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THE SITUATION ROOM
Interview With California Congressman Ed Royce; North Carolina Police Trial; Republican Debate. Aired 18-19:00p ET
Aired August 6, 2015 - 18:00 ET
THIS IS A RUSH TRANSCRIPT. THIS COPY MAY NOT BE IN ITS FINAL FORM AND MAY BE UPDATED.
BRIANNA KEILAR, CNN ANCHOR: They're pointing fingers tonight at Russia.
Fresh blood. ISIS is switching up its strategy to attract new kinds of recruits. Will they make the terror group even more brutal and dangerous?
And cop on trial. We're getting the first look at dash cam video in the deadly shooting of an unarmed African-American man. What the video doesn't show could be critical.
We want to welcome our viewers in the United States and around the world. Wolf Blitzer is off today. I'm Brianna Keilar. You're in THE SITUATION ROOM.
ANNOUNCER: This is CNN breaking news.
KEILAR: Breaking news tonight. Round one of the first Republican presidential debate is wrapping up right now and Donald Trump was the elephant in the room even though he wasn't actually there. The second-tier candidates aiming some of their sharpest jabs at Trump, as well as at President Obama and Hillary Clinton.
Trump is gearing up for his turn on the debate stage in Cleveland, Ohio. The top 10 Republican contenders face off in just a few hours. And Trump is likely to be a leading target, given his front-runner status, and the controversial comments that tend to roll off of his tongue.
We have correspondents, analysts and newsmakers standing by as we cover all of the news that is breaking now.
Let's go first to CNN chief congressional correspondent Dana Bash. She is at the debate site in Cleveland -- Dana.
DANA BASH, CNN SENIOR CONGRESSIONAL CORRESPONDENT: Brianna, the first round just wrapped up. This is the debate with the seven candidates who don't poll high enough to meet the standards by FOX News to be on the 10-person stage in prime-time. Some of the candidates, at least their campaigns, were calling this the kids table.
But there definitely was not a food fight. There actually was, God forbid, substance. Take a look.
BASH (voice-over): It may have been billed as the undercard. But that didn't stop it from feeling like a main event. Seven candidates with poll numbers too low to make it on stage with the top 10 trying to get some buzz from this so-called happy hour debate.
GOV. BOBBY JINDAL (R-LA), PRESIDENTIAL CANDIDATE: I think our country is tired of the politicians who simply read the polls and fail to lead.
BASH: Using their moment in the spotlight to go after Hillary Clinton.
SEN. LINDSEY GRAHAM (R-SC), PRESIDENTIAL CANDIDATE: To all Americans who want a better life, don't vote for Hillary Clinton. You're not going to get it.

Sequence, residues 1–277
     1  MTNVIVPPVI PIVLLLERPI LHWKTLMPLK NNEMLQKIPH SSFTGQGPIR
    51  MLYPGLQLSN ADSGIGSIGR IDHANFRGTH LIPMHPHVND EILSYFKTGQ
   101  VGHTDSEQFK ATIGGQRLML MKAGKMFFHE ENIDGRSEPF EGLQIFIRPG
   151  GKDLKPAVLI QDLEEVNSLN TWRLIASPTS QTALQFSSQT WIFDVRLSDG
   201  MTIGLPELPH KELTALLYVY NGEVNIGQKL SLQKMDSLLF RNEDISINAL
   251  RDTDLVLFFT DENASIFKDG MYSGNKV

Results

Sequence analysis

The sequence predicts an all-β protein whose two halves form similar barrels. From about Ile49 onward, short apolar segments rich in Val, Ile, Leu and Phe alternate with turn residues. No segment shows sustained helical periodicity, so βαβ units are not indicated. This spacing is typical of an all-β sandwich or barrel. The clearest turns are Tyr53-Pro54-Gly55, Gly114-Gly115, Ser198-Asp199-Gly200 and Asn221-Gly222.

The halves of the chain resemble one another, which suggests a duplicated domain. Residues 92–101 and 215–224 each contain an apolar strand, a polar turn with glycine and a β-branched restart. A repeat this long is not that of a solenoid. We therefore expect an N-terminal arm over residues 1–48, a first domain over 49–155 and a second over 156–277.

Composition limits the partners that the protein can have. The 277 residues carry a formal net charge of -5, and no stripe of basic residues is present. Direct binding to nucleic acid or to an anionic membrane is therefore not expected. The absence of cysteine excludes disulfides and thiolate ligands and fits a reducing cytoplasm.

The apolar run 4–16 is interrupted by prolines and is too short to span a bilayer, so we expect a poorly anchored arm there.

BASH: Donald Trump.
CARLY FIORINA (R), PRESIDENTIAL CANDIDATE: I didn't get a phone call from Bill Clinton before I jumped in the race. Did any of you get a phone call from Bill Clinton? I didn't. Maybe it's because I hadn't given money to the foundation or donated to his wife's Senate campaign.
BASH: Lindsey Graham laying down a hawkish challenge for other candidates to get on a war footing.
GRAHAM: If you're running for president of the United States and you don't understand that we need more American ground forces in Iraq and that America has to be part of a regional ground force that will go into Syria and destroy ISIL in Syria, then you're not ready to be commander in chief.
BASH: After his 2012 oops moment, Rick Perry spent two-and-a- half years in debate prep hoping to be redeemed. Here, he took center stage.
RICK PERRY (R), PRESIDENTIAL CANDIDATE: After I stood on the ramp in Dallas, Texas and looked the president of the United States in the eye and said, "Mr. President, if you won't secure the border, Texas will."
BASH: Now attention shifts to tonight's main attraction where Trump, who made a grand entrance just a few hours ago arriving on his personal jet, will be front and center.
QUESTION: Are we going to hear more about your immigration plans tonight, Mr. Trump?
DONALD TRUMP (R), PRESIDENTIAL CANDIDATE: I think so. I would imagine.
BASH: To show how much attention the billionaire has stolen, social media sites like Google and Facebook released data showing Americans are searching for and talking about Trump at rates exponentially higher than everyone else.
GRAHAM: I take my new phone thanks to the Donald
BASH: It may be why so many attention-starved candidates were willing to take part in this parody video, showing how they are preparing for tonight.